What happened to Jonad?

For the first two seasons of Veep, HBO’s political comedy, West Wing errand boy Jonah Ryan, played by Timothy Simons, filled a simple yet essential role: The backboard against which the Vice President and her lieutenants landed insult after insult, joke after joke, all aimed at usurping not only “Jonad,” as Selina Meyer’s staff called him, but the unseen President, whose useless directives and maddening requests Jonah was tasked with delivering.

Then came Season 3, which premiered three weeks ago. In the first episode, Jonah’s nemesis, Dan Egan, discovered that Jonah was running, under the name “West Wing Man,” an undercover Beltway gossip blog where he posted embarassing photos of the Vice President’s staff. After being fired, Jonah exited the West Wing screaming: “I’m going to be back as the fucking President! Jonah Ryan, 2026!

Now, this twist wasn’t entirely unbelievable. In October 2013, the (real) White House fired a national security official named Jofi Joseph for tweeting administration gossip under the Twitter account “natsecwonk,” where Joseph ridiculed Obama aide Ben Rhodes’ receding hairline, among other things. Then the perpetrator, full of contrition, faded into the background.

Not Jonah. Over the next three episodes, Simons’ character refashioned himself as the host and author of a D.C.-centric blog-slash-video-series called “Ryan-Tology,” where he shook completely loose of Veep’s otherwise cutting depiction of Washington. Look at the video above. Look at the video below.

Jonah Ryan has gone off the deep end.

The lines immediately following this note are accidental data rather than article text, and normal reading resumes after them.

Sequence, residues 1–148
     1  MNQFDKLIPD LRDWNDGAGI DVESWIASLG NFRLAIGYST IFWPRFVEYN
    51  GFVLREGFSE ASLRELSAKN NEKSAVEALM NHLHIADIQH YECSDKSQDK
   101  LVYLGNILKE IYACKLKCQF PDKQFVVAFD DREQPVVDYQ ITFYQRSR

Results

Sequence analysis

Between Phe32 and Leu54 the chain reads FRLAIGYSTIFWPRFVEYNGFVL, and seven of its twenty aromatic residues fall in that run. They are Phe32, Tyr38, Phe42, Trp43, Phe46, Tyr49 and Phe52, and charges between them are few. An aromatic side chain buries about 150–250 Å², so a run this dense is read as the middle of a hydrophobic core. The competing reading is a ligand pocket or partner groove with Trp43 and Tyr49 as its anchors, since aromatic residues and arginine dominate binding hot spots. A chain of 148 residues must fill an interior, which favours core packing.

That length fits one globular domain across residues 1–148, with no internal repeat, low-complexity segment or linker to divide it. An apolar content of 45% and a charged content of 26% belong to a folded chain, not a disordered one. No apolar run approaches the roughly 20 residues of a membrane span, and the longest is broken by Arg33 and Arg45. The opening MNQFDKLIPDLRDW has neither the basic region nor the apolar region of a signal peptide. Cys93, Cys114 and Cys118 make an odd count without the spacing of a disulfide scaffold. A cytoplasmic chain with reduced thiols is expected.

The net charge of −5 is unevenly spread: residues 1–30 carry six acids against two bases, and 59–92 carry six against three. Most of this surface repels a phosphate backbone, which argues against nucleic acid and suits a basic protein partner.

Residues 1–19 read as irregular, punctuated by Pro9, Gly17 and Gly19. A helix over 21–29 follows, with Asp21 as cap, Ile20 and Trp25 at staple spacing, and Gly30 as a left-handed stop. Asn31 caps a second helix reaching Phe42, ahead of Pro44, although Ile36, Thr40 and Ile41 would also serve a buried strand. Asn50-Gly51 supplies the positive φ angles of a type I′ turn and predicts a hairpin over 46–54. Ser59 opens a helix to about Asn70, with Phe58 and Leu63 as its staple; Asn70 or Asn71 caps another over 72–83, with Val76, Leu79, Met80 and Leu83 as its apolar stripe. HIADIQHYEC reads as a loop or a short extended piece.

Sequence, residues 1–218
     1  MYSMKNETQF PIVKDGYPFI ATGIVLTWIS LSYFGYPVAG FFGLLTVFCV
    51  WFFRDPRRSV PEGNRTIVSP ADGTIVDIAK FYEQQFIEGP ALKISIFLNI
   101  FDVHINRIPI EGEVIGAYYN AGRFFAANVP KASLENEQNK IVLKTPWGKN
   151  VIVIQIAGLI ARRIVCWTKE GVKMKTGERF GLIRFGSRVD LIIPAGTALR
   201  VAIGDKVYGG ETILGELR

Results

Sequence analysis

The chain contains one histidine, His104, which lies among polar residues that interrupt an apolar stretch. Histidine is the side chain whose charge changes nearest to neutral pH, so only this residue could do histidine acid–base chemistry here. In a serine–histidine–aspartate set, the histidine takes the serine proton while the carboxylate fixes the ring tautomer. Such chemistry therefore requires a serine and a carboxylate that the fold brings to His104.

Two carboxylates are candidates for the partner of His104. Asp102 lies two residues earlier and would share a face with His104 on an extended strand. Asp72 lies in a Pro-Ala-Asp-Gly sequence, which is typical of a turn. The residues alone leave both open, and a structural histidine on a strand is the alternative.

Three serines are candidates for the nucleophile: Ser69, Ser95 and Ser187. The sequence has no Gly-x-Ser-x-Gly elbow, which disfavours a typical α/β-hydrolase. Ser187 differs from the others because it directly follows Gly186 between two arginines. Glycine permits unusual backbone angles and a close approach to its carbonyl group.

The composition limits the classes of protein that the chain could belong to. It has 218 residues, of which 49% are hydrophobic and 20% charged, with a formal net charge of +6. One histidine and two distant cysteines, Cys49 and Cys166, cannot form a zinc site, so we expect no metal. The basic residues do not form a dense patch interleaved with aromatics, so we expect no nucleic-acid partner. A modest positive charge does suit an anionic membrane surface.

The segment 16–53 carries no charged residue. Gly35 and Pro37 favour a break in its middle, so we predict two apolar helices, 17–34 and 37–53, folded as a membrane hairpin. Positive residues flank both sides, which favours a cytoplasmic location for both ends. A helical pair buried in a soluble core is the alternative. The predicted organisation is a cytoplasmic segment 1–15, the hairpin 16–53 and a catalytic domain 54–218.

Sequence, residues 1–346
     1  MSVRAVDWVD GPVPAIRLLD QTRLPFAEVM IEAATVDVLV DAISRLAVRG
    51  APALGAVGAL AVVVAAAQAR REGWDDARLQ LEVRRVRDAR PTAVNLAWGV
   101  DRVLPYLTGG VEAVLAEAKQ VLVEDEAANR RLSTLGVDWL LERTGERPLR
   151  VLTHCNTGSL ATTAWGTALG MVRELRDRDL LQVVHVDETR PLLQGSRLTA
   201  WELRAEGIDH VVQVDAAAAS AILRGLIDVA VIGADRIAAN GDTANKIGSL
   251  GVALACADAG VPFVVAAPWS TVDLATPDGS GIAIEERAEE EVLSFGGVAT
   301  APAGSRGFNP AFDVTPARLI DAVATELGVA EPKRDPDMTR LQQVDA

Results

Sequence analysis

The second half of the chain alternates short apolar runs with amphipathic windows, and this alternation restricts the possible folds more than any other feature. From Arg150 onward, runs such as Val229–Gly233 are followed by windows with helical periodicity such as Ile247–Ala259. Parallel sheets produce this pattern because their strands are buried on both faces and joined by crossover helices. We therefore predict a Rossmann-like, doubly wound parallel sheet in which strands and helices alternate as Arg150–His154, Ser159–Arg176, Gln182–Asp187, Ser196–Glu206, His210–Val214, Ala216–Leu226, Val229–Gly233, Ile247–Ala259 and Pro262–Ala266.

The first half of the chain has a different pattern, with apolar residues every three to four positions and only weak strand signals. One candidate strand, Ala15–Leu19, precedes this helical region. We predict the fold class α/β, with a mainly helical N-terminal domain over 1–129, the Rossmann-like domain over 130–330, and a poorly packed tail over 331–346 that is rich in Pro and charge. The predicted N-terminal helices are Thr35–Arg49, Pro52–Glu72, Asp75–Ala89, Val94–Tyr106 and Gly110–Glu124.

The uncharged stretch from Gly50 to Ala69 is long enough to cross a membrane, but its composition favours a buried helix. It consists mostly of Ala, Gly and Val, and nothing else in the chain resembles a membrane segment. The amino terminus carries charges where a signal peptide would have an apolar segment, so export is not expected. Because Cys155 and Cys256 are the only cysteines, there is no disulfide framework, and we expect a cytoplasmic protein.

Ryan-Tology’s political commentary employs dolls (or are they bobbleheads?), Jonah’s own rapid-fire narration, and video effects so distracting that you almost don’t notice how amateur they are.

It’s an unusual misfire. While visual media have always struggled with the blogger figure, Veep has otherwise been adept at portraying those who circulate within D.C.’s power corridors, such as political reporters (recall Leon West, the “Beltway Butcher,” played by Brian Huskey) and, of course, lobbyists, personified in the oily Sidney Purcell, played by Peter Grosz.

Jonah’s newfound blogger persona, on the other hand, is so miswritten and imprecise that it’s difficult to say what Veep wants it to reveal. Pre-blogger Jonah was captivated by his own power, whether over the VP’s staff or other women, and the subtle tactics required to accumulate and preserve it. Blogger Jonah, by contrast, would rather film himself playing with misshapen figurines. It’s as if his prior West Wing status, and the symbolic power it conferred, were the only objects tethering him to reality.

Which is, perhaps, the point. The writers of Veep have created a D.C., much like the real one, in which power is the only currency. A blogger living in that swamp would have to be nuts, literally, not to want some of his own.

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